Now that FPGAs are changing the system-on-chip road map, SoCs are no longer the sole purview of ASICs. Currently, FPGAs with geometries of 0.18 micron can serve many more commercial applications, since they are cheaper, have multimillion gates and operate at frequencies up to 400 MHz.
But as ASIC designers have learned, SoCs require sophisticated design tools and methodologies. Complex FPGA design brings the additional challenges of attaining timing closure, managing intellectual property (IP) and design reuse, and working within a team.
FPGA designers can address these challenges by using hierarchical design, floor planning and integrated analysis-a methodology the ASIC world has been employing successfully. Now that these techniques are available to FPGA designers, they will be able to use them to decrease design closure time while increasing the quality of their results.
The majority of FPGA design tools were created years ago, when flat methodologies were more in vogue. When flattened designs reach hundreds of thousands or millions of gates, however, serious bottlenecks occur. Each time a designer needs to make a small change, the whole design is affected, timing closure is lost and a new series of lengthy, flat place-and-route runs ensues to regain closure. It is difficult if not impossible to add hierarchical capability to tools that were intended for a flat methodology. A whole new methodology and tool set is needed.
Let's take a look at a case study of how a company tackled its high-end FPGA design using an ASIC-like, SoC design strategy. This company decided to implement an IP-block-reuse methodology that reduced its time to implement design changes, since place-and-route iterations were limited to only the blocks that were affected by the design change.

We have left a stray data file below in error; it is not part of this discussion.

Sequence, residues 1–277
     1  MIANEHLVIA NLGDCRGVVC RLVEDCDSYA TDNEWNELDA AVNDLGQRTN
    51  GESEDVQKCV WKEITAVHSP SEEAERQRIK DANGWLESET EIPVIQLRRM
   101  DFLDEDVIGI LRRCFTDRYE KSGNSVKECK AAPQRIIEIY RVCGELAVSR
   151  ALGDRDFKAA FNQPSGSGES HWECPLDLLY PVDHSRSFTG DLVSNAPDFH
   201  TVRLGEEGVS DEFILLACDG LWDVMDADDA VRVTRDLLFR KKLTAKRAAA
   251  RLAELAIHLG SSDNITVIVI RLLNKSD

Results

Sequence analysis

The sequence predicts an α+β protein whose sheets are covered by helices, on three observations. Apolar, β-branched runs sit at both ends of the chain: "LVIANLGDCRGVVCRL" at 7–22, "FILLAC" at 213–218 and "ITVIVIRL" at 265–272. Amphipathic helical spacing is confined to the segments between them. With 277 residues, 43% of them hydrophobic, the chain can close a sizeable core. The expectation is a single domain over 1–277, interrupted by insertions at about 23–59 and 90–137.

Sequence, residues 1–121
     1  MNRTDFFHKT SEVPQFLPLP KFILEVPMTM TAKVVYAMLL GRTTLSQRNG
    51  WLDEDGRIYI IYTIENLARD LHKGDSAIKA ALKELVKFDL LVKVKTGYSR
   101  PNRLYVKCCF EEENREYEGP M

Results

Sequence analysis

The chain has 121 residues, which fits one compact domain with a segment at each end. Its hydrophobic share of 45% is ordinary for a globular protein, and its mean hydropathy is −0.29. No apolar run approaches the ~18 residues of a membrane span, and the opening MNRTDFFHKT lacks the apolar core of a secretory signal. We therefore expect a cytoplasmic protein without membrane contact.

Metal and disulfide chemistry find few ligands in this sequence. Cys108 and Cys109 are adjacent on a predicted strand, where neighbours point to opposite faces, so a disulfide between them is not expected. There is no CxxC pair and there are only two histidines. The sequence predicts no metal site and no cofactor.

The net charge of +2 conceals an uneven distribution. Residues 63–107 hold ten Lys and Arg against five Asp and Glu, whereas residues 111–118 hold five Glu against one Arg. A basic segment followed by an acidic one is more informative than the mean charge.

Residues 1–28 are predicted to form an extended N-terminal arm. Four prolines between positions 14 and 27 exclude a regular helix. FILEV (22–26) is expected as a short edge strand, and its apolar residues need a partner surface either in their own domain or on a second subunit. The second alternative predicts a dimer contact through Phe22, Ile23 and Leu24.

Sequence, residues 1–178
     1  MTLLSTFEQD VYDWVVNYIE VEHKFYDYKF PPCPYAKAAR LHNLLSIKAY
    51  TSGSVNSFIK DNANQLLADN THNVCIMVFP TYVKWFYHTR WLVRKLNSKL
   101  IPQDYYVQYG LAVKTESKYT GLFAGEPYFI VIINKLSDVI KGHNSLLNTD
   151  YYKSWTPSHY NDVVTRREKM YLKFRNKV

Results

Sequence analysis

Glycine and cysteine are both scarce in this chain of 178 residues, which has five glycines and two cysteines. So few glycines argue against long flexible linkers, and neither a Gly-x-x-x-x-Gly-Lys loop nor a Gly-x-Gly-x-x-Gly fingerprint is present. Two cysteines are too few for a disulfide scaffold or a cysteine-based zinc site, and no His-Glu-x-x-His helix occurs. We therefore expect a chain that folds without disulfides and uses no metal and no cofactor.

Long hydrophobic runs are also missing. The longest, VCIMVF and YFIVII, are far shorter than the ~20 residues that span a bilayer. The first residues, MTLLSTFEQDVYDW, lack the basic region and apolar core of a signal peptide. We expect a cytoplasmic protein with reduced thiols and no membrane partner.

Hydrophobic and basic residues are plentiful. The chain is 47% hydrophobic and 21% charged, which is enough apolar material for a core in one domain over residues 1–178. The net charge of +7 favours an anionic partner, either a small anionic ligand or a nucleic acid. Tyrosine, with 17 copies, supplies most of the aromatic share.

Using a hierarchical design tool, the team created libraries of IP blocks and then used integrated connectivity and timing analysis combined with visualization feedback to adjust the logic within each block to meet timing requirements. The developers used the floor-planning capability to import the blocks, move them around the device to minimize block-level interconnect delay and freeze the placement of logic within the blocks to maintain consistent performance.
This methodology helped the team to quickly create a floor plan it was able to place and route successfully, to meet the timing requirements.
Unlike ASICs, FPGA memory is fixed in both location and amount. To effectively use the memory, which is distributed throughout the device, designers must use floor planning to ensure the memory resources they need for each block are present at the desired block locations. Since FPGAs have a limited amount of built-in memory, designs must often access external memory. This poses an even bigger challenge. Memory interfaces, such as double data rate (DDR) and SRAM, must operate as quickly and efficiently as possible. Their location on the floor plan is critical, and their performance must be reliably high.
One company attacked this problem with IP-based methodology. Designers used floor planning and analysis to create IP blocks for DDR, SRAM or other standard memory interfaces. They used floor planning to lock the placement of logic within those interfaces so they always operated at a consistent speed, whatever the design. Finally, they imported the IP blocks into a floor plan and placed them adjacent to the pins that connect to the external memory, minimizing interconnect delay. In this way, the designers quickly attained timing closure.
Salil Raje (email@example.com) is chief technology officer at Hier Design Inc. (Santa Clara, Calif.).